For nature, crescent, does not grow alone In thews and bulk, but, as this temple waxes, The inward service of the mind and soul Grows wide withal. Perhaps he loves you now, 15 And now no soil nor cautel doth besmirch The virtue of his will, but you must fear. His greatness weighed, his will is not his own, For he himself is subject to his birth.

He may not, as unvalued persons do, 20 Carve for himself, for on his choice depends The safety and health of this whole state.

And therefore must his choice be circumscribed Unto the voice and yielding of that body Whereof he is the head. Not a second more. He may love you now, and may have only the best intentions, but you have to be on your guard.

His choice has to agree with what the nation wants. Then weigh what loss your honor may sustain 30 If with too credent ear you list his songs, Or lose your heart, or your chaste treasure open To his unmastered importunity. Fear it, Ophelia. Fear it, my dear sister, And keep you in the rear of your affection, 35 Out of the shot and danger of desire. The chariest maid is prodigal enough If she unmask her beauty to the moon. The canker galls the infants of the spring 40 Too oft before their buttons be disclosed.

And in the morn and liquid dew of youth, Contagious blastments are most imminent. Be wary, then. Best safety lies in fear. Youth to itself rebels, though none else near. Then think about how shameful it would be for you to give in to his seductive talk and surrender your treasure chest to his greedy hands. Watch out, Ophelia. Even good girls sometimes get a bad reputation. Worms ruin flowers before they blossom.

Baby blooms are most susceptible to disease. So be careful. Fear will keep you safe. Young people often lose their self-control even without any help from others. But, good my brother, Do not, as some ungracious pastors do, Show me the steep and thorny way to heaven Whiles, like a puffed and reckless libertine, 50 Himself the primrose path of dalliance treads And recks not his own rede. But here my father comes. A double blessing is a double grace. Occasion smiles upon a second leave.

And here comes father. What good luck, to have him bless my leaving not once but twice. Aboard, aboard, for shame! The wind sits in the shoulder of your sail And you are stayed for. There, my blessing with thee. And these few precepts in thy memory Look thou character. Give thy thoughts no tongue, 60 Nor any unproportioned thought his act. Be thou familiar but by no means vulgar. Those friends thou hast, and their adoption tried, Grapple them unto thy soul with hoops of steel, But do not dull thy palm with entertainment 65 Of each new-hatched, unfledged comrade.

Give every man thy ear but few thy voice. Shame on you—get on board! Here, I give you my blessing again. And just try to remember a few rules of life. Listen to many people, but talk to few. This above all: My blessing season this in thee. And, above all, be true to yourself.

Good-bye, son. Your servants tend. Your servants are waiting. What is between you? Give me up the truth. Tell me the truth. Pooh, you speak like a green girl, Unsifted in such perilous circumstance. Think yourself a baby That you have ta'en these tenders for true pay, Which are not sterling. Go to, go to. Go on. I do know, When the blood burns, how prodigal the soul Lends the tongue vows. These blazes, daughter, Giving more light than heat, extinct in both Even in their promise as it is a-making, You must not take for fire.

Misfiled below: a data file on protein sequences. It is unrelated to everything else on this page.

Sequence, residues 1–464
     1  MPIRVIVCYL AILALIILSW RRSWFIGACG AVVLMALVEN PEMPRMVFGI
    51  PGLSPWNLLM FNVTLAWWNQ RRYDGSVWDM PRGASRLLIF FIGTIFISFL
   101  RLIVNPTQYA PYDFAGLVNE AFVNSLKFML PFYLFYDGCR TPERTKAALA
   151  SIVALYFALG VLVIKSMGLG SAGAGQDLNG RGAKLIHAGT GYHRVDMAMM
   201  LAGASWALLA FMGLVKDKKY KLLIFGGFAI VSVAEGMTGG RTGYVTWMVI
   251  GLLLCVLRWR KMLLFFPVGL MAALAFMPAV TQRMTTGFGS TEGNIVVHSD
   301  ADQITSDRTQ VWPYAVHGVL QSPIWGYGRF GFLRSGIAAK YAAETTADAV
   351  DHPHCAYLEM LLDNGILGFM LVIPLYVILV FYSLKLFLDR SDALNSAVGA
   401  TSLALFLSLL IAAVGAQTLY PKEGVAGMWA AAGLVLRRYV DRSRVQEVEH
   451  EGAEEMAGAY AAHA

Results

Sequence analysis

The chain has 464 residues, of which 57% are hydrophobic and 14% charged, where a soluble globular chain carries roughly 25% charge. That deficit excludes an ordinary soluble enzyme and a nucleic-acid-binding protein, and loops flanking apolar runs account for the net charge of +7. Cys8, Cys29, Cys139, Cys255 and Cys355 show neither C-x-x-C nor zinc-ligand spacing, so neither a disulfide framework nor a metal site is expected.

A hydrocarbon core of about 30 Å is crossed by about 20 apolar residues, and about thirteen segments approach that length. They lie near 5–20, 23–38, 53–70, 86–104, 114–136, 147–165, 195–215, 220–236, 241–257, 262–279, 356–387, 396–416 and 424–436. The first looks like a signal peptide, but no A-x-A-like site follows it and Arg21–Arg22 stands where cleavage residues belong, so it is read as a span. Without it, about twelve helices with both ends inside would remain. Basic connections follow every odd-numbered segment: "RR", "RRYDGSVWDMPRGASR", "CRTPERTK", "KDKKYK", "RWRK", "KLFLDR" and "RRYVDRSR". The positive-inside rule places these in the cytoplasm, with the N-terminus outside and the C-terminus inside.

From this time Be somewhat scanter of your maiden presence. Set your entreatments at a higher rate Than a command to parley. For Lord Hamlet, Believe so much in him that he is young, And with a larger tether may he walk Than may be given you. In few, Ophelia, Do not believe his vows, for they are brokers Not of that dye which their investments show, But mere implorators of unholy suits, Breathing like sanctified and pious bawds, The better to beguile.

This is for all: I would not, in plain terms, from this time forth, Have you so slander any moment leisure, As to give words or talk with the Lord Hamlet. Come your ways. From now on, spend a little less time with him and talk to him less. Make yourself a precious commodity. Remember that Hamlet is young and has a lot more freedom to fool around than you do.

Do as I say. Now come along. It is very cold. A little before twelve, I think. I heard it not. It then draws near the season Wherein the spirit held his wont to walk. A flourish of trumpets and two pieces of ordnance goes off What does this mean, my lord? Trumpets play offstage and two cannons are fired. What does that mean, sir? HAMLET The king doth wake tonight and takes his rouse, 10 Keeps wassail and the swaggering upspring reels, And, as he drains his draughts of Rhenish down, The kettle-drum and trumpet thus bray out The triumph of his pledge.

As he guzzles down his German wine, the musicians make a ruckus to celebrate his draining another cup. But to my mind, though I am native here And to the manner born, it is a custom More honored in the breach than the observance.

This heavy-headed revel east and west 20 Makes us traduced and taxed of other nations. But though I was born here and should consider that tradition part of my own heritage, I think it would be better to ignore it than practice it. Other countries criticize us for our loud partying. Act 1, Scene 4, Page 2 25 30 35 40 They clepe us drunkards and with swinish phrase Soil our addition. And indeed it takes From our achievements, though performed at height, The pith and marrow of our attribute.

The dram of evil Doth all the noble substance of a doubt To his own scandal. They call us drunks and insult our noble titles. And our drunkenness does detract from our achievements, as great as they are, and lessens our reputations.

It happens sometimes that one little defect in these people, as wonderful and talented as they may be, will make them look completely bad to other people. A tiny spot of evil casts doubt on their good qualities and ruins their reputations. Let me not burst in ignorance, but tell 50 Why thy canonized bones, hearsed in death, Have burst their cerements; why the sepulcher, Modern Text heavenly breezes or blasts of hell fire, whether your intentions are good or evil, you look so strange I want to talk to you.